Asian Music and Dance

Epic Women Conference

The EPIC WOMEN CONFERENCE, curated by Anita Ratnam and hosted by Kartik Fine Arts, cleared a space for thought and reflection in the dense jungle of performance activities of the Chennai December Season. The Conference was unique for the dance world as we have performances aplenty but the meeting of artists, academics and social activists which fuels the creative hotpot for future work is somewhat rarer.

The scope of the Conference is worthy of a paper in itself and the contributors too numerous to mention, so this footnote to the Conference just picks the theme of the integration of academic and performance world. The format featured presentations and panel discussions interspersed with daytime and evening performances. Day One examined the continuing relevance of the heroines from Indian Epics; Day Two looked at the Divas of Indian dance (see image above); Day Three investigated Art and Activism. The Epic Women evoked through performance included both classical heroines like Sita and Savitri, the lesser-known such as Amba/Sikandi, Hitimba; and modern-day heroines like Frida Kahlo and Aung San Suu Kyi.

The panel on Exploring Sita featured Director Veenapani Chawla of Adishakti (Pondicherry-based theatre company), kutiyattam exponent Kapila Venu (who later performed the Abduction of Sita), and the stalwart feminist writer C.S. Lakshmi, aka Ambai.

Chawla’s thesis on the significance of landscape in the Ramayana as symbolising Sita’s state of mind was fascinating: born in Mithila, a place of free thinking and intellectual pursuits, she is taken to Ayodhya, the city of Manu, the law-maker; the forest exile is a relief from the stifling atmosphere of the court to which she returns after the exile. In the intervening time she has entered (albeit forcibly), the fabulous Lanka, representing the subconscious mind, and ends back in the forest, a place for rishis, poets and the soon-to-be departed, where she once again can find her true self.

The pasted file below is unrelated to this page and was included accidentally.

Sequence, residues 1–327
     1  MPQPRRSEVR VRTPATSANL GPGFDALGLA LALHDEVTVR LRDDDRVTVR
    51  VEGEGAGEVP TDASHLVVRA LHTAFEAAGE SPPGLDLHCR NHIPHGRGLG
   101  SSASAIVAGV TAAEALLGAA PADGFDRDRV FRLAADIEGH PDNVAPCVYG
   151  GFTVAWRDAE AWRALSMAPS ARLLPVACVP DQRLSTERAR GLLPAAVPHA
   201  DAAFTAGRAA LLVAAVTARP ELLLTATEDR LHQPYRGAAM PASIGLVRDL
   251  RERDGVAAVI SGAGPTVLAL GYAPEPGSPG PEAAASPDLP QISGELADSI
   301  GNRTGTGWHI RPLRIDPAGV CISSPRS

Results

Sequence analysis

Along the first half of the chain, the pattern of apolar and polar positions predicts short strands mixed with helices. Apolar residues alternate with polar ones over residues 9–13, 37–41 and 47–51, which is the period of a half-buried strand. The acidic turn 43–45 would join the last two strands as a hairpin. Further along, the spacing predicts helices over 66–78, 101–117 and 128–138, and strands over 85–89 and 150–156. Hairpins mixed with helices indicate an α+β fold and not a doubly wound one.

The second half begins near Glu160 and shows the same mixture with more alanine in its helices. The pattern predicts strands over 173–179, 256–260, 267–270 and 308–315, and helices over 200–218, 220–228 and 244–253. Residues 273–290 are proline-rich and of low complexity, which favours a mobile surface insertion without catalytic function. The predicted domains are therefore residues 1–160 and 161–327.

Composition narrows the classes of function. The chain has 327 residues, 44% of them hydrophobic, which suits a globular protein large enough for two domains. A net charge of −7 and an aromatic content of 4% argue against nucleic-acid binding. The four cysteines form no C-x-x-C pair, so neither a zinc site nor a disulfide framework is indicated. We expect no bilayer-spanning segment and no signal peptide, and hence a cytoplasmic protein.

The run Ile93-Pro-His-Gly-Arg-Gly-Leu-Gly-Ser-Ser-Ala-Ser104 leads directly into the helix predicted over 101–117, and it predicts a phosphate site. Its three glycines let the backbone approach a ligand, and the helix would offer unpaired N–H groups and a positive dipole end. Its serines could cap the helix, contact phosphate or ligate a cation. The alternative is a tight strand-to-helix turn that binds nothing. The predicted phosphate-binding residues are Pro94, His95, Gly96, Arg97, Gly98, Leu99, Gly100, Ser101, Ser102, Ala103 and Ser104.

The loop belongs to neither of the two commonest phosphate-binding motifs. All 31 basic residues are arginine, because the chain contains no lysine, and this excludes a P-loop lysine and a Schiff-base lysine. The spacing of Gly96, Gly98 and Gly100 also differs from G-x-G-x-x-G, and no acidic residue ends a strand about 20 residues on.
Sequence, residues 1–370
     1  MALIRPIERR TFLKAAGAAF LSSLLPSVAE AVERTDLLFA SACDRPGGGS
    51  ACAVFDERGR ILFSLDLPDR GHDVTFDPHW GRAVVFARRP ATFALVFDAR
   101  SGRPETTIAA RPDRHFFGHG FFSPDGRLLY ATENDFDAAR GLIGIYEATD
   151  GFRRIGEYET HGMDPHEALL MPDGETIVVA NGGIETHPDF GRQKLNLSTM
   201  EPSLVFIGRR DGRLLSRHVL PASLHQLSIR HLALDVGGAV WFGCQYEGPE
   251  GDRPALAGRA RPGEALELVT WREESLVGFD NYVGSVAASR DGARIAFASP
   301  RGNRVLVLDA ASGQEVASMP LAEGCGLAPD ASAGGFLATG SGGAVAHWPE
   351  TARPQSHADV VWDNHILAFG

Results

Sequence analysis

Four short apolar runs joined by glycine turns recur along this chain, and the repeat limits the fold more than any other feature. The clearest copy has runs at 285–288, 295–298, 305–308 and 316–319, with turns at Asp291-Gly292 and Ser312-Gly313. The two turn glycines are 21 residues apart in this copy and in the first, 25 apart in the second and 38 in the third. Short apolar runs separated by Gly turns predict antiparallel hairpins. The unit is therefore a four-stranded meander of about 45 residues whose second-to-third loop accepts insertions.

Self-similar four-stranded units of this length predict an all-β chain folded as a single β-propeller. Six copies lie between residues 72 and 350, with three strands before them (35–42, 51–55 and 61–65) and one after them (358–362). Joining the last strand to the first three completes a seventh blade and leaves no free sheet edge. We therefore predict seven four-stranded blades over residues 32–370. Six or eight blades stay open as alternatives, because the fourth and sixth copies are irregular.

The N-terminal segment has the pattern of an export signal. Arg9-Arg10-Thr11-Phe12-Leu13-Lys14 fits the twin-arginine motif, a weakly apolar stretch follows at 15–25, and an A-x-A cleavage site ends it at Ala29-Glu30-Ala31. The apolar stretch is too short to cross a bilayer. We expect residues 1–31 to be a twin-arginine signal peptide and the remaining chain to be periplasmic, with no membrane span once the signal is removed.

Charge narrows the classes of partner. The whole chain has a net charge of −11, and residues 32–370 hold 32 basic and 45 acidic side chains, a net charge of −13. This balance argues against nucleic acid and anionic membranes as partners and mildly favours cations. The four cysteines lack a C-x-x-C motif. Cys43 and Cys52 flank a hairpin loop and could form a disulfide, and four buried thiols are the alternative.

In contrast to the above, Kapila Venu spoke of the character of Sita being so insignificant in traditional kutiyattam that she was often represented by an object on stage. The real drama explored the complex character of the dark and handsome Ravana (the ten-headed visualisation representing a many-faceted personality), providing a study into the nature of passion.

C.S. Lakshmi, the writer and feminist, based her presentation on her play Crossing the River where Sita becomes the non-gendered symbol for every oppressed person and all kinds of injustice and degradation. Thus the scope of Sita is opened out infinitely. As Chawla maintained, the Ramayana has provoked so many interpretations that it makes it the most democratic of texts.

The speakers had performance credentials as shown at the opening of the Conference, when the drummers from Veenapani Chawla’s Adishakti created a magnificient ‘sound installation’. Two male and one female percussionist seated behind large elongated drums were as beautiful to look at as to listen to. Kapila Venu would on the following evening enthral a select audience of rasikas by her highly-skilled evocation of Sita’s Abduction, performed mostly seated, the action projected from her face and eyes. Venu was stately, almost impassive, yet emanated blazing intensity. The ebb and flow of the percussion provided the vital dramatic soundtrack to the action, equal player with the dancer. This performer was one of the revelations of the Conference.

The footnote would not be complete without mentioning the terrible backdrop to the Conference – the brutal gang rape of Jyoti Singh in New Delhi. ‘How do we as artists respond to the scale of this kind of evil?’ Anita Ratnam asks in her January Narthaki Editorial. ‘What theme can we create about this and what kind of jathi or adavu or padam can we dance to?’ She concludes ‘… music and dance can soften and refine. And that sometimes it is powerless and impotent against sheer malevolent evil.’

Postscript: The absence of Chennai dancers and dance students was surprising. How can dance which is meaningful, relevant and alive emerge from an intellectual vacuum? How can aspiring dancers know quality unless they watch performances? This is a question that the great and good gurus and dance institutions of Chennai and India should be asking themselves.



Join the weekly Pulse newsletter and we will send you the latest news and articles straight to your inbox